Occupy Tel Aviv, January 4 -- media have recently hailed Jed Rakoff for his article in New York Review of Books, calling for enforcement of the law on those culpable for the current financial crisis.[i]
(image by Business Insider)
US Judge Jed Rakoff, Southern District of New York
Indeed, the article appears full of compassion - an unusual off-the-bench statement by a US judge, calling for justice: [ii]
"... millions of Americans leading lives of quiet desperation: without jobs, without resources, without hope"; "...was it the result, at least in part, of fraudulent practices...? ...if, by contrast, the Great Recession was in material part the product of intentional fraud, the failure to prosecute those responsible must be judged one of the more egregious failures of the criminal justice system in many years... the Financial Crisis Inquiry Commission, in its final report, uses variants of the word "fraud" no fewer than 157 times in describing what led to the crisis... not a single high-level executive has been successfully prosecuted in connection with the recent financial crisis, and given the fact that most of the relevant criminal provisions are governed by a five-year statute of limitations, it appears likely that none will be... To a federal judge, who takes an oath to apply the law equally to rich and to poor, this excuse--sometimes labeled the "too big to jail" excuse--is disturbing..."
One is hard-pressed to recall a more hypocritical piece of writing, since Jed Rakoff himself should be deemed a central figure in the financial crisis and in undermining banking regulation. [iii, iv, v]
The best-documented evidence to such effect is Judge Jed Rakoff's conduct in Securities and Exchange Committee v Bank of America Corporation (1:09-cv-06829).[vi]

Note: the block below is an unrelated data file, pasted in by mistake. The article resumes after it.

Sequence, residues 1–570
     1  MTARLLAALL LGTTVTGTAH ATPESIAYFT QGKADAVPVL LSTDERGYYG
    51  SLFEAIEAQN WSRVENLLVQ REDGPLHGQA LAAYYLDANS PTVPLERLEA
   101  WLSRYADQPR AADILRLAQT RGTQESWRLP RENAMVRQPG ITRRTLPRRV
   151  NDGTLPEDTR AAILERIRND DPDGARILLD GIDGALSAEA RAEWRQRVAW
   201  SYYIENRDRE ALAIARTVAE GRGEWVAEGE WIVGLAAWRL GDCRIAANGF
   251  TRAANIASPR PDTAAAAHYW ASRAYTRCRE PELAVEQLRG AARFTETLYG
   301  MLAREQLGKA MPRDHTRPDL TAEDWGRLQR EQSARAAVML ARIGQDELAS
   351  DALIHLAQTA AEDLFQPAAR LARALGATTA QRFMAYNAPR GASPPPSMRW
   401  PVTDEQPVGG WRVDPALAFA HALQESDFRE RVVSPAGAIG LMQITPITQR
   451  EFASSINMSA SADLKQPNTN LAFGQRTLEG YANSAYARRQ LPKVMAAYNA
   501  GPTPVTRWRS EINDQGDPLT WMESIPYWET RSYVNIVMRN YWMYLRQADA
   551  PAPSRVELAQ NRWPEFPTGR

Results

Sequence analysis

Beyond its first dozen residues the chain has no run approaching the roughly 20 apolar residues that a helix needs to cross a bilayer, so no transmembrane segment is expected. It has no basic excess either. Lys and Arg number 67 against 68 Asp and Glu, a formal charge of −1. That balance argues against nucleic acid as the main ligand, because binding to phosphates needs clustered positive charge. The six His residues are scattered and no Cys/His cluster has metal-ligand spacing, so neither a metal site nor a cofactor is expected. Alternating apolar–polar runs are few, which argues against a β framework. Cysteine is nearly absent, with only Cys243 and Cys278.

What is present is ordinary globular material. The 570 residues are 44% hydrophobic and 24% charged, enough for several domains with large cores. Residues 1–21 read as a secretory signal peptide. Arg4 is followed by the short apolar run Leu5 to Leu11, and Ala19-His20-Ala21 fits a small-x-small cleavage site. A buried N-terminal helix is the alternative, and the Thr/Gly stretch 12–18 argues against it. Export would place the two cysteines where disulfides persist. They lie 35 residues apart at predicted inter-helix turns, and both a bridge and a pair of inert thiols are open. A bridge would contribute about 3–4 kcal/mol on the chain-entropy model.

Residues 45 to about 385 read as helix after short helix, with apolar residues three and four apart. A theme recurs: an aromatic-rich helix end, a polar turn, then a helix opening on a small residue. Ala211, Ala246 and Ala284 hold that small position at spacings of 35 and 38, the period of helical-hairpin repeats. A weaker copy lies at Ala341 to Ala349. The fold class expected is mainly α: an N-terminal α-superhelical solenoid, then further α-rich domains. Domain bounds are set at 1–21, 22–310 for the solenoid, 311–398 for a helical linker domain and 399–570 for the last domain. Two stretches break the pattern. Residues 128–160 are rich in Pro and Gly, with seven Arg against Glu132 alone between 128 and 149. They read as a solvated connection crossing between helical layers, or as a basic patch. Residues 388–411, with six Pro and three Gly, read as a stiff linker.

(image by Public)
Summons as issued by the Clerk of the Court and as executed in SEC v Bank of America Corporation (1:09-cv-06829) in the US District Court, Southern District of New York. The summons is unsigned, and fails to show the seal of the court. The summons was also never docketed, in disregard of US law, and the US court denied access to it. It was eventually obtained through a Freedom of Information request from SEC. The conduct of litigation with no valid summons, no valid minutes, and where the court denies access to the authentication records (NEFs -- Notices of Electronic Filing), as well as the outcome of the litigation, point out to the conduct of sham/simulated litigation from the start, through collusion of the judge, the clerk, and attorneys for both SEC and Bank of America Corporation. In fact, from the start -- a show trial.
and Exchange Commission v Bank of America Corporation (2009-10) is
landmark litigation under the current financial crisis. The case
originated in the unlawful taking of $5.8 billions by banking
executives, and concluded with the executives never returning
the funds to the stockholders and with no individual being held
The outcome of the litigation was an order by Judge Jed Rakoff, instructing the stockholders -- the victims -- to pay $133 millions to themselves...
The case was covered numerous times by major US and world media. [iv,v]
The case is replete with missing and invalid litigation records, leading to the conclusion that the case as a whole amounts to simulated, sham litigation. The case commenced with no valid summons, was conducted with no valid minutes, and the court denies public access to the authentication records.
Conduct of Judge Jed Rakoff in this case is not unique either. Similar conduct by Judge Rakoff was documented in a case involving American Express. [vii]